The truth is I really want to love this place. I absolutely love to drink and brew beer. I live downtown and the Barrio Brewery is easily walking distance from my house. It's got a really great environment. The Problem is the beer is just so terrible. Literally every single beer they make is criminally wrong. The from the IPA to the Porters and Stouts everything is just off (and it's hard to screw up a stout). Beyond that the beer actually makes me ill. Every time I go there and have more than one or two beers I get sick. I also know other people who have said the same thing.
If your not a beer connoisseur then head on over. If you are, do yourself a favor and order a shot of tequila with your burger.
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David, I find your argument belittling of the broad and serious implications that gentrification has on a community like downtown Tucson. Your right. The Grill closed for many reasons. Who cares? But gentrification displaces less fortunate and marginalized members of the community, that are the very reason Tucson is what it is today. The Grill closing is not the potential problem with what is happening in downtown Tucson. When important cultural establishments can no longer operate due to high costs or their perceived "shittiness" that is a problem, and will continue to be so. When families that have called the downtown area home for many generations are viewed as making an area "shitty", that is a problem. And that is what is happening in Tucson, whether you want to admit it or not.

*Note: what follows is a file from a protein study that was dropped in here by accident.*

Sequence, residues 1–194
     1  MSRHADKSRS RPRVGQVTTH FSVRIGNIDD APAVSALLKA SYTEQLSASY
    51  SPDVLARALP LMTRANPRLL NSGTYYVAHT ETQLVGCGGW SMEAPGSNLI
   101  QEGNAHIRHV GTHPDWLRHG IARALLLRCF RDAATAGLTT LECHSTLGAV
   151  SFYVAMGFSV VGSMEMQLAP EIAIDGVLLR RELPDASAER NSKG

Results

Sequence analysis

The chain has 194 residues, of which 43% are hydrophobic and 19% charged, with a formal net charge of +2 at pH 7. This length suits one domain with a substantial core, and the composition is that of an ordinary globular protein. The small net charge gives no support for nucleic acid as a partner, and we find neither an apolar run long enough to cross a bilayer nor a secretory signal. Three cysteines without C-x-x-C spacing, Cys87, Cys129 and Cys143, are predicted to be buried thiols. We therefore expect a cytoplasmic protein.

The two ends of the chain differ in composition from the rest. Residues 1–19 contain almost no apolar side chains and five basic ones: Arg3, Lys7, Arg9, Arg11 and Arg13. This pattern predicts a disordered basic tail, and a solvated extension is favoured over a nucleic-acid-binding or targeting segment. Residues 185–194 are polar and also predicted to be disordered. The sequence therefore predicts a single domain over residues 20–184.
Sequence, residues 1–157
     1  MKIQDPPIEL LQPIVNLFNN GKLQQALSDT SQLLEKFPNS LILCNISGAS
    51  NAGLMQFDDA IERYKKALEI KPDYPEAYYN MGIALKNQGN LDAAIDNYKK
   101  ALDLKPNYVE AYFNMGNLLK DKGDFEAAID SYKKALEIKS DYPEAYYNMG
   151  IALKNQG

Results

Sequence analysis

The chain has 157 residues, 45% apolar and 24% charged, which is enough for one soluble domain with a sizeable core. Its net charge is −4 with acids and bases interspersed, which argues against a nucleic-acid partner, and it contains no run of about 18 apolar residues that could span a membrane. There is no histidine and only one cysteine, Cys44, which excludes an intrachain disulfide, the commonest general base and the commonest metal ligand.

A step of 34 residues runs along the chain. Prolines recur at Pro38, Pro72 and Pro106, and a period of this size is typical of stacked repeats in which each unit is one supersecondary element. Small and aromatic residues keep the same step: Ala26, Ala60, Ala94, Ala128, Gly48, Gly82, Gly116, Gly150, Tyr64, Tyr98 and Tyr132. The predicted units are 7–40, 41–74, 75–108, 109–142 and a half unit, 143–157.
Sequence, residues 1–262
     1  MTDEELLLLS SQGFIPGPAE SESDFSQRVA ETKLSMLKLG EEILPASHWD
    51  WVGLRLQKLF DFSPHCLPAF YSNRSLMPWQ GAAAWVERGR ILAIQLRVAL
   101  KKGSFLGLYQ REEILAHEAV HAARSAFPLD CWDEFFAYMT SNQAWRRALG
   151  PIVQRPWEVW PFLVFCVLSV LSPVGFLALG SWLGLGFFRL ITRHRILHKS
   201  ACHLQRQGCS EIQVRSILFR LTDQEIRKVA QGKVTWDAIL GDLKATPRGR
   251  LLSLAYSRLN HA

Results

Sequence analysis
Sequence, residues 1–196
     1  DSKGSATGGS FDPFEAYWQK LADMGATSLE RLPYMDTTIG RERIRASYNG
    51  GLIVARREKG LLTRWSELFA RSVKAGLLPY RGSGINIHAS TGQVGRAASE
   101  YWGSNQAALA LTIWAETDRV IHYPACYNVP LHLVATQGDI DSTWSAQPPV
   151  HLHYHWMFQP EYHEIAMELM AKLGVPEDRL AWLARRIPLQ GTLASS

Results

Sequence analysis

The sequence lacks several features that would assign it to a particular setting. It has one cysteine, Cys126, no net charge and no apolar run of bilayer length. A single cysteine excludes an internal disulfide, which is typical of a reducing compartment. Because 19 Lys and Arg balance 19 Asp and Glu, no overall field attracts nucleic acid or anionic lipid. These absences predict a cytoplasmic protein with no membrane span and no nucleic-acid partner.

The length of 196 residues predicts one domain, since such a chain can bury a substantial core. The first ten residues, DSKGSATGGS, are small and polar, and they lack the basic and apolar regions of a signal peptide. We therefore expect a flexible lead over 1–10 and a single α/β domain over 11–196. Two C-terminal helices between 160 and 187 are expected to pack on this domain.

Blending hip hop and reggae music has been around for quite some time as Jamaicans in brought hip hop with them to NYC (check out U Roy, Big Youth, Dennis Alcapone). When I first heard about this album I thought it had great potential to be A) a stepping stone for more recognition of modern Jamaican music in American pop culture, and B) An opportunity for an established rapper to put out a conscious Africa centered album. I feel the results are mediocre at best. Don't get me wrong a handful of the songs are top quality. The album starts on a high note with As We Enter which has an early 90's - late 80's Supercat raw dancehall kinda feel. Thing is they never get back to the form they have in "As We Enter". Let me rephrase that, Nas never regains his form. The only other track that Nas delivers on is "Nah Mean". This is Damian show. The track "Friends" starts off with a great melodic feel and Nas's verse ruins the track. I feel like this was more of an opportunity for Damian to do a hip-hop style album than it was for Nas to do a dancehall style album.
Nuff Said, Rasta Bless
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